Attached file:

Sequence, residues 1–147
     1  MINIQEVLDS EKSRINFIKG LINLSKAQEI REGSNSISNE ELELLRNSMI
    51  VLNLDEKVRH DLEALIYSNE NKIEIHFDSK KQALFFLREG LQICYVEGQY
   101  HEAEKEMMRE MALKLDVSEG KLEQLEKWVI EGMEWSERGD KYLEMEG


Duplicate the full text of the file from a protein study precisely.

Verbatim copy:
Sequence, residues 1–147
     1  MINIQEVLDS EKSRINFIKG LINLSKAQEI REGSNSISNE ELELLRNSMI
    51  VLNLDEKVRH DLEALIYSNE NKIEIHFDSK KQALFFLREG LQICYVEGQY
   101  HEAEKEMMRE MALKLDVSEG KLEQLEKWVI EGMEWSERGD KYLEMEG